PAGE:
One July day in 1988, Mike Bickle was sitting in his office, reading a wedding card inscribed with a verse from the Song of Solomon. "Jesus, seal my heart with your seal of love," Bickle spontaneously prayed. Unaccountably, he began to weep. The phone rang. A prophet had heard the "audible voice of the Lord" for Bickle: The Song of Solomon, a dialogue between King Solomon and his beloved, should become a focus of Bickle's ministry. It eventually came to Bickle that true believers must see Jesus "through the eyes of a bride with loyal, devoted love" – they must "feel loved and in love" with Christ. Without this intimacy in worship, Christ would not return to Earth.
Tietz goes on to say:
But the Song of Solomon is a paean to sexual desire. "Let the king bring me into his chambers" and "kiss me with the kisses of his mouth," the beloved says. "His fruit" is "sweet to my taste." IHOP's website states that one of its prayer guides, Bridal Intercession, "presents prayer as the joyful and romantic communion between the lover and his beloved. . . . Readers will find themselves . . . eager to encounter this lovely Lord who is their bridegroom."
Many critics, observing that IHOP recruits post-pubescent youth, have wondered where, if they are to approach their Lord as Solomon's beloved approaches Solomon, their imaginations are supposed to go. "[Jesus] is not coming until the people of God are crying out globally in intercession with a bridal identity," Bickle has preached. If the Second Coming depends upon "romantic communion" with Christ, and the alternative is satanic hegemony, then any error in worship should be made on the side of erotic intimacy – to lust and repent is surely better than abandoning Jesus in his hour of need.
Bickle makes a point of warning his followers that bridal theology is not sexual. To IHOP's detractors, though, the introduction of any suggestion of sensuality into worship invites transgression. Aggravating the libidinal diciness, they argue, is the nature of that worship. IHOPers spend 20, 30 or more hours every week in the prayer room, often for three or four hours at a time.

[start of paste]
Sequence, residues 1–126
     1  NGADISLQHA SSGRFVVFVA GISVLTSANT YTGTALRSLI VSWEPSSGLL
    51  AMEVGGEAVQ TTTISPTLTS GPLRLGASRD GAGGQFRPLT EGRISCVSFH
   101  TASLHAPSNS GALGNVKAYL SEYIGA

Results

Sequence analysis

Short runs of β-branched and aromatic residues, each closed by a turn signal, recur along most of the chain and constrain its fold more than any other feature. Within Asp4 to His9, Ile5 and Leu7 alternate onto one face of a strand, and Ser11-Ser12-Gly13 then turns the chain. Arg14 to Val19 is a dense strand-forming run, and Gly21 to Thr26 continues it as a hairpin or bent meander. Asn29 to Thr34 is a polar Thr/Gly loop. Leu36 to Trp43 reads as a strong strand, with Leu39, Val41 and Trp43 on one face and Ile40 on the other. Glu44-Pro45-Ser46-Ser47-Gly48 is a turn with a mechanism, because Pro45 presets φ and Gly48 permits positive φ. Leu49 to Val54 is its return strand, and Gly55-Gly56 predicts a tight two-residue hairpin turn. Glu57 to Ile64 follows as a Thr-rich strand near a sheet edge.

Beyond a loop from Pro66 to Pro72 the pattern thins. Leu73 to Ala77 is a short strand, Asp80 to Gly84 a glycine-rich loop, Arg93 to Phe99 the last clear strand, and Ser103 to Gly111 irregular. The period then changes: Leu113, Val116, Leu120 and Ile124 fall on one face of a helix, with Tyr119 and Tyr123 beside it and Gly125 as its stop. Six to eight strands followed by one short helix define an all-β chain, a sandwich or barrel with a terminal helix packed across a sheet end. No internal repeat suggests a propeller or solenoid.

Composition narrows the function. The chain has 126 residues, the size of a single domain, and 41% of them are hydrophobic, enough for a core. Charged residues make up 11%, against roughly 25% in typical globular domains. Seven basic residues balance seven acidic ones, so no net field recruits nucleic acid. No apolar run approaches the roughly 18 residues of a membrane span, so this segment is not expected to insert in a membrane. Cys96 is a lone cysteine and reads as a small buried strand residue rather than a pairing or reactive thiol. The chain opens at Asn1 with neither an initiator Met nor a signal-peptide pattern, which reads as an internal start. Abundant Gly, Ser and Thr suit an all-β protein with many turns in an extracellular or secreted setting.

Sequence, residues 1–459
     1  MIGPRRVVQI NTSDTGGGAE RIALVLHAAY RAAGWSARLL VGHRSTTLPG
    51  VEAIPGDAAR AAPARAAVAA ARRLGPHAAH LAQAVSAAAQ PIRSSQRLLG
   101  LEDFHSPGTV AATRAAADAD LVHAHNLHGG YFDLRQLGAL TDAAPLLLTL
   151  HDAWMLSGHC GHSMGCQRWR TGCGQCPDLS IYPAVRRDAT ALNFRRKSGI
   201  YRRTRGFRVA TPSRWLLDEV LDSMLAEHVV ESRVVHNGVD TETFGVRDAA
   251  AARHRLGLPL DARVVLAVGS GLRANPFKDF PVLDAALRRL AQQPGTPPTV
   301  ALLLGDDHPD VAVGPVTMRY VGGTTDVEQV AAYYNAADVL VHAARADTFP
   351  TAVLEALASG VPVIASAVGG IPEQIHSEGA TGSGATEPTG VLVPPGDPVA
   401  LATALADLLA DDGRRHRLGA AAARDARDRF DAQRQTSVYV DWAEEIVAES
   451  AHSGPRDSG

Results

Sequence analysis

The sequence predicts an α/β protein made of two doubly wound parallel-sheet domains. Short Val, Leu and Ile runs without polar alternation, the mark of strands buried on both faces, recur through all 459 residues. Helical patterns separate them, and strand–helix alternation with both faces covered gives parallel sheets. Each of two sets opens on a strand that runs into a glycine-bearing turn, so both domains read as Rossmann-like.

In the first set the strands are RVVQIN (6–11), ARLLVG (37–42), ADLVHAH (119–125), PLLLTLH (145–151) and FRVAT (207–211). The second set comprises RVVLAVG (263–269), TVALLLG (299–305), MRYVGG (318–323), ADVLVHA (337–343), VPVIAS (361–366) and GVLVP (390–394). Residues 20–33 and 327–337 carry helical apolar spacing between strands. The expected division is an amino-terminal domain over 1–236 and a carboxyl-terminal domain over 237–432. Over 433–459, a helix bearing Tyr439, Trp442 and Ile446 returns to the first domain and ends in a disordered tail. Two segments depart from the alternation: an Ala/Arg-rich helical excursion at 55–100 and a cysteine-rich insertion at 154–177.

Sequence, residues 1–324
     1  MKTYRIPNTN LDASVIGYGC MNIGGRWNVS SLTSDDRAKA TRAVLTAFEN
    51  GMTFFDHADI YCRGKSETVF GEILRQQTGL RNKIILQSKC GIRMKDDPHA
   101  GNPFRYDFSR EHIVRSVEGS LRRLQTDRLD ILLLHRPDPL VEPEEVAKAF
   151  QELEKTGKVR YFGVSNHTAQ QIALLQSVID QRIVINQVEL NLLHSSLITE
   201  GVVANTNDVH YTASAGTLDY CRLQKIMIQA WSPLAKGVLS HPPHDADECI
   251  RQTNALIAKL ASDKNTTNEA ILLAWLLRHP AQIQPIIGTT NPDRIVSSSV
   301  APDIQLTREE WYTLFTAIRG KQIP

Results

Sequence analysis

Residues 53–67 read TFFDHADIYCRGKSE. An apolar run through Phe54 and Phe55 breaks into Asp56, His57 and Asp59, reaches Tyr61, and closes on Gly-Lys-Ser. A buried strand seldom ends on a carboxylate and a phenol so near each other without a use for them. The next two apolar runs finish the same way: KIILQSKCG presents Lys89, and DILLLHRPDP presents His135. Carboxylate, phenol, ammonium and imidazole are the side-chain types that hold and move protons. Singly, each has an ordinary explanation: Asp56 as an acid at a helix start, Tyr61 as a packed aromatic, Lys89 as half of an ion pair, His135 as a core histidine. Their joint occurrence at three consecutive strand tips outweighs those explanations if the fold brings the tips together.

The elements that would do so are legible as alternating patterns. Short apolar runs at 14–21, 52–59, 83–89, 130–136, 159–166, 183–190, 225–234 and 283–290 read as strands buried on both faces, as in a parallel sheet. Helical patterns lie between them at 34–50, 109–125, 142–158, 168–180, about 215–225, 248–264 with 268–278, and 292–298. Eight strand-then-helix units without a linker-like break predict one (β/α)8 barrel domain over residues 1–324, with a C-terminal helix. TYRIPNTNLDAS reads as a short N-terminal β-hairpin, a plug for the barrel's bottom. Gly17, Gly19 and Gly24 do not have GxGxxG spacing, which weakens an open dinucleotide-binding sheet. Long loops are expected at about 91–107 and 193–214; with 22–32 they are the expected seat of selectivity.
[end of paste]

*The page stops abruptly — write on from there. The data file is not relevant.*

Across the IHOP complex, in cafeterias, hallways and the prayer room, music composed to enhance the ecstatic experience is "omnipresent," according to an ex-member. Among the lyrics to two popular songs: "God is a lover looking for a lover/So he fashioned me" and "Do you understand what you do to me? . . . How you ravish my heart with just one glance?" Some former IHOPers have talked of being addicted to it – they become nervous and irritable when they turn it off. Another IHOPer has written about addiction to the sedative atmosphere of the prayer room itself: "A common refrain around anxious, discouraged IHOPers is, 'I just gotta get to the prayer room.'"
Read the whole article here. It will be worth your time.
A note from Bill: This is a story that I have been following closely since the fall of 2012. It is tragic- not only what happened to Bethany Deaton, but to all the members of Tyler Deaton's cult. Does this reflect badly on IHOP? Well yes, and no. It plainly was a cult within the setting of IHOP, which as can be demonstrated has 1)very sensual overtones and 2) a lack of oversight to the thousands of impressionable youth sent there with the financial support of many Godly folk back home.
The point could be made that IHOP did not know about a lot of what was going on. On the other hand, we also have evidence that Tyler Deaton was listed in a leadership position on an IHOP website right to the time the murder happened, and was indeed in that leadership position after the shunning of Herrington was revealed. Deaton was actually in charge of coordinating (leading) other home group leaders.
If this story does not make you sick to your stomach, there is something wrong with you.